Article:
Uber Can No Longer Subsidy Your Cheap Rides

Uber Can No Longer Subsidy Your Cheap Rides

Uber has been burning investors’ money for more than a decade in order to dominate the market. According to experts, once Uber eliminates car rental companies, cab cartels and ride-hail competitors, it would have to stop charging drivers less than it charges riders, and prices would have to rise.

But, as Uber CEO Dara Khosrowshahi told employees in a memo a few days ago, those days are over. “The average employee at Uber is barely over 30, which means you’ve spent your career in a long and unprecedented bull run,” he wrote. “This next period will be different, and it will require a different approach. … We have to make sure our unit economics work before we go big.”

That’s a strange line coming from a guy whose company’s market cap is five times the size of American Airlines, as Ali Griswold points out in her newsletter about the sharing economy. 

Uber “is” big. “Uber has always said it would reach profitability at scale, thanks to network effects, etc.,” Griswold writes, “but what is scale if not a company that operates in 72 countries and more than 10,500 cities, which last year had 118 million active users every month and completed 6.3 billion rides/trips/deliveries? Uber is the definition of scale, yet it is still nowhere near consistent and reliable profitability.”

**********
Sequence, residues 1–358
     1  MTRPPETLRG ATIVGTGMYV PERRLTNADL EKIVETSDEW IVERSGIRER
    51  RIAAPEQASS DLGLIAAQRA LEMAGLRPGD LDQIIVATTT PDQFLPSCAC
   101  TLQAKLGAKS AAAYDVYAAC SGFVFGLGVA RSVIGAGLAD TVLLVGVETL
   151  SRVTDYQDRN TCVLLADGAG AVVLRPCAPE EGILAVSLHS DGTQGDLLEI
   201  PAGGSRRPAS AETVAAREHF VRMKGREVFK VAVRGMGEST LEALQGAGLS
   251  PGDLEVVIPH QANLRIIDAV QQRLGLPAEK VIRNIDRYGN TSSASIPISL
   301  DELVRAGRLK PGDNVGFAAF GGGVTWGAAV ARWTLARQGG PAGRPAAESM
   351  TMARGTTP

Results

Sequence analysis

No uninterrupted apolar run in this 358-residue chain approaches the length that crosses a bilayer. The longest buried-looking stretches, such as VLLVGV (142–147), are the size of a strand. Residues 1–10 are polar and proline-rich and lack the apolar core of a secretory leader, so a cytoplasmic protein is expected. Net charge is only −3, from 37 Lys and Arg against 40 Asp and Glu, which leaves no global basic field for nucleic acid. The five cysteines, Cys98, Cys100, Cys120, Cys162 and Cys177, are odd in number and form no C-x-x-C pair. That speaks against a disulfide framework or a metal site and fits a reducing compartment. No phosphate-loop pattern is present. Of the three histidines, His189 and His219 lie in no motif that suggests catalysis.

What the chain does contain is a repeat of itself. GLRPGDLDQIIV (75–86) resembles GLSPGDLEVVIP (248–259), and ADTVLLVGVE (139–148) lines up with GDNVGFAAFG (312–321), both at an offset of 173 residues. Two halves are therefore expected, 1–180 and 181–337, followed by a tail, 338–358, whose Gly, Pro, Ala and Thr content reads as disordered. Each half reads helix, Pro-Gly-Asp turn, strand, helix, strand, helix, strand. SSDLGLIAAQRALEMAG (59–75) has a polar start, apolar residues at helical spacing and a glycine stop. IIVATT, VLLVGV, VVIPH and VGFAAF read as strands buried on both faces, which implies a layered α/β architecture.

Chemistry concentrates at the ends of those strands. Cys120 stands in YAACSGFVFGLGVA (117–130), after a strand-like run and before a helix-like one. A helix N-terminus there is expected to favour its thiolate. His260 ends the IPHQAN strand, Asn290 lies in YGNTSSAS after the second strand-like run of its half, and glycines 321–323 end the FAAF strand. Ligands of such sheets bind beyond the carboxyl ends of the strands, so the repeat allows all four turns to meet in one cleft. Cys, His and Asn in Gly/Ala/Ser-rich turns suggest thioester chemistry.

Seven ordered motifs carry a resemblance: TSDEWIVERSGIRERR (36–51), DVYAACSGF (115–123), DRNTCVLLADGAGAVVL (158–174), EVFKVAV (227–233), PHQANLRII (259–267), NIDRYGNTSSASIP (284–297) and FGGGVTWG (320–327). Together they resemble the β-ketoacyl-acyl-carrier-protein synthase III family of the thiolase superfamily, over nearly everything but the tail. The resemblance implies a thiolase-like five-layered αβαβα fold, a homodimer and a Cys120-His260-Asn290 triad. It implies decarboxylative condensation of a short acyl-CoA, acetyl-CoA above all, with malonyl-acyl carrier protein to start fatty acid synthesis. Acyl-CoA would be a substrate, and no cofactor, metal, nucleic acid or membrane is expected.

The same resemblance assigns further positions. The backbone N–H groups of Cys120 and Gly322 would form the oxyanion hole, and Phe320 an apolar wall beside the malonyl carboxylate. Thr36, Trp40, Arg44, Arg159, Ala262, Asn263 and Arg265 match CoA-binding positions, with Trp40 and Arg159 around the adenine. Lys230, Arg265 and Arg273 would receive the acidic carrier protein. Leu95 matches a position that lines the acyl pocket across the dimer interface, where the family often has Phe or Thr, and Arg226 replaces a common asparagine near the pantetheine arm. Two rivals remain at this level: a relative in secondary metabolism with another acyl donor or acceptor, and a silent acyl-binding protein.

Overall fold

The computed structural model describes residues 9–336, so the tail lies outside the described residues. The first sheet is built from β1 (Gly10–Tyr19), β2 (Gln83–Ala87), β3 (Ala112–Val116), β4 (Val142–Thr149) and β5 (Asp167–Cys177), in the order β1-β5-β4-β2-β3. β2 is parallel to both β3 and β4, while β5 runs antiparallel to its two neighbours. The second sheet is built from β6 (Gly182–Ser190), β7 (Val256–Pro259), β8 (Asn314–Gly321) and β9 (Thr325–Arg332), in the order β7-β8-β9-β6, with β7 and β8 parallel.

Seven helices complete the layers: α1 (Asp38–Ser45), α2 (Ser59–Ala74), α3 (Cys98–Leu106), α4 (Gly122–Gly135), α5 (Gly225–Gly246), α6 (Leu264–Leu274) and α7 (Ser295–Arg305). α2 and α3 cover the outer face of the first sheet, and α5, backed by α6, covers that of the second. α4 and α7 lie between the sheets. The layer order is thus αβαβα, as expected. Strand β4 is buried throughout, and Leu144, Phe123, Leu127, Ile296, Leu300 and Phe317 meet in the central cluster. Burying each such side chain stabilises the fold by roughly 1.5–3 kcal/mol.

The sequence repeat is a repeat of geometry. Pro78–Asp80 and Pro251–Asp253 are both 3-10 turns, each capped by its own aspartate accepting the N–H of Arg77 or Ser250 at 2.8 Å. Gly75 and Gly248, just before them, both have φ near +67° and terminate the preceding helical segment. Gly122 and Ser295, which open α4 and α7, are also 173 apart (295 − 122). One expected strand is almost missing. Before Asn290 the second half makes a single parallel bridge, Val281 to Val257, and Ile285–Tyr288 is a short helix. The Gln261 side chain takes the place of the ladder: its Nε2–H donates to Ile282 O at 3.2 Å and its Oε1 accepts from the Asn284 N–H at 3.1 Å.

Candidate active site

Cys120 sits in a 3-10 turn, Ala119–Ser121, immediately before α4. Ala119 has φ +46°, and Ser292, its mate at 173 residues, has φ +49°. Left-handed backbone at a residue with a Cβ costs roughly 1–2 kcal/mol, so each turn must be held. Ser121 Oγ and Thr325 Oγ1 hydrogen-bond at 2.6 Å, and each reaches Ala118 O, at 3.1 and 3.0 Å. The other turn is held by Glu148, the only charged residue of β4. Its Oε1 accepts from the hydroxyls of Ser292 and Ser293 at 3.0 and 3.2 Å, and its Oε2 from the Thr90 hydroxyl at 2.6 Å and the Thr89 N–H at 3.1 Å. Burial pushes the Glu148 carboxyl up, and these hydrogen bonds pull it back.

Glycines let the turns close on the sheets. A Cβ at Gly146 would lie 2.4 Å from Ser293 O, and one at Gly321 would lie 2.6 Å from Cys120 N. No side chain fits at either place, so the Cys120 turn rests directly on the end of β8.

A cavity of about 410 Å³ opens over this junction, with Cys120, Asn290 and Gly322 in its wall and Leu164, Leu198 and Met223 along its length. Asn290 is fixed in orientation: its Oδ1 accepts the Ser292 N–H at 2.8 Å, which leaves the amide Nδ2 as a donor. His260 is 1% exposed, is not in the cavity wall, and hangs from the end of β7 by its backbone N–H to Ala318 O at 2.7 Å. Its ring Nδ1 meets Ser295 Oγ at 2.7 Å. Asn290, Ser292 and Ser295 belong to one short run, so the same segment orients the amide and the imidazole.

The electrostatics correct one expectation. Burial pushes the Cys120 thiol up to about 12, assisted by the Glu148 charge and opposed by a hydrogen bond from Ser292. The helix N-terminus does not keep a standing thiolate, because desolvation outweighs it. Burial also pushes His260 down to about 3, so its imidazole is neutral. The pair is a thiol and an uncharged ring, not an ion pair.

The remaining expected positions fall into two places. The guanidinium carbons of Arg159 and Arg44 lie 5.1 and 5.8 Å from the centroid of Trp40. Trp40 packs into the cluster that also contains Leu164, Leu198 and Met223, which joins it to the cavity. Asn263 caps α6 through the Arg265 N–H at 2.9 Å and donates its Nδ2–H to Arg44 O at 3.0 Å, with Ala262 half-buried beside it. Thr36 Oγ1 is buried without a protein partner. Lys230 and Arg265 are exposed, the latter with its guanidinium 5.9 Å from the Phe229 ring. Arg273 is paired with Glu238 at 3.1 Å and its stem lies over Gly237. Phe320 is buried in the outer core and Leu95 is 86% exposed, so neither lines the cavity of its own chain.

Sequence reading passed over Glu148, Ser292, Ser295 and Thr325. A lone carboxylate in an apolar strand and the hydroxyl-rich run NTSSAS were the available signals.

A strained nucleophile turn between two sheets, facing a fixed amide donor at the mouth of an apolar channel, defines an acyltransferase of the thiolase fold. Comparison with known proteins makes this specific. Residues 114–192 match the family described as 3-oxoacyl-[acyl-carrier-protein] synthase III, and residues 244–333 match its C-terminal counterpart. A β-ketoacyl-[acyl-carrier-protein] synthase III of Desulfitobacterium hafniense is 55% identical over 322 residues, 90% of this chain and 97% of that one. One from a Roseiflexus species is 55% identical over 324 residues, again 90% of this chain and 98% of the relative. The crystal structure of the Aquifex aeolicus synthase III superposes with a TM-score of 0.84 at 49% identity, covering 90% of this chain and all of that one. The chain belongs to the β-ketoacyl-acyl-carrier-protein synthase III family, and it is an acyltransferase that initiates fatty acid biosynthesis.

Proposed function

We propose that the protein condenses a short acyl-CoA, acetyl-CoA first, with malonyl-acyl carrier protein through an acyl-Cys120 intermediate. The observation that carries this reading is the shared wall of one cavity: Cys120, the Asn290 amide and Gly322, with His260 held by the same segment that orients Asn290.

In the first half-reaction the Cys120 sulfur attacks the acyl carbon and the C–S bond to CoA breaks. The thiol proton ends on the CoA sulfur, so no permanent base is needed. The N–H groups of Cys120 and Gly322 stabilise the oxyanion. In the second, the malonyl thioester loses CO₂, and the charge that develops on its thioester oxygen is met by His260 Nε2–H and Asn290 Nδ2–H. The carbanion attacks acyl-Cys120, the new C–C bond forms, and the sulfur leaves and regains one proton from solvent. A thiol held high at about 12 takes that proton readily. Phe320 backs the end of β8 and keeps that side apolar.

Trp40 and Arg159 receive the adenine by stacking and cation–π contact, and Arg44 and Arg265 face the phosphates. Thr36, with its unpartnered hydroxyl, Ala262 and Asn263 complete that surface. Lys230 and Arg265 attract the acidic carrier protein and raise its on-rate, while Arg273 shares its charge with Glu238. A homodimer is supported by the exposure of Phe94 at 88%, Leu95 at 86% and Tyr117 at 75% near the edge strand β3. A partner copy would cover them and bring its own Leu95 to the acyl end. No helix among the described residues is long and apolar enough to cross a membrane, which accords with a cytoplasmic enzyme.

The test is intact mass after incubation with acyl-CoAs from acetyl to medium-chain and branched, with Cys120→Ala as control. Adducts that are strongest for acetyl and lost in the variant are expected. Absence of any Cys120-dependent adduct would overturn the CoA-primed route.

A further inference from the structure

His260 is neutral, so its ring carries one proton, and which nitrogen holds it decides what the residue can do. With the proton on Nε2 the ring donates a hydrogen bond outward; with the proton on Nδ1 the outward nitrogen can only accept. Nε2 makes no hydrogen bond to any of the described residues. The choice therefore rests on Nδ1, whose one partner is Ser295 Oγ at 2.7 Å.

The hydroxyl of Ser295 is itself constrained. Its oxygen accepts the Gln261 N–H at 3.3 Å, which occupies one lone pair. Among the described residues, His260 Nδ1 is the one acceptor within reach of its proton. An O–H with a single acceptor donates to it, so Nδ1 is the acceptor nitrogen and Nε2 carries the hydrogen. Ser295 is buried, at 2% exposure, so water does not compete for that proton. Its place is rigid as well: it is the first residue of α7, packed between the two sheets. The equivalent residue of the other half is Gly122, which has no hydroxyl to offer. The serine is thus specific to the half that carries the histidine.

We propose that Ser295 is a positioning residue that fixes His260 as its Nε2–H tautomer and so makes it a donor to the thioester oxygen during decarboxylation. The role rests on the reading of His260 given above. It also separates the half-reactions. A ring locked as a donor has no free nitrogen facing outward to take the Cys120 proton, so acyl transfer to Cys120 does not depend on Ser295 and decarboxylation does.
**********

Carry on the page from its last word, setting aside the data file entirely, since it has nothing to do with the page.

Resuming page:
Uber headquarters in San Francisco

What does all this mean for everyday citizens? 

All this means that ordering an Uber will cost you a lot more than it did in past years.

When Uber launched in 2011, it quickly became a popular app for millions of Americans.

Everyone seemed to want to use Uber, whether on the way to work, on a business trip, or just to get home late at night – and rightfully so.

It was a brilliant concept that gained traction not only because it was convenient, but also because it was cheap.

According to Rakuten data, average Uber prices increased by 92 percent between 2018 and 2021, while another study found a 45 percent increase between 2019 and 2022. Both Uber and Lyft have implemented a surcharge for riders in order to compensate drivers for rising gas prices. And that was before the memo last week.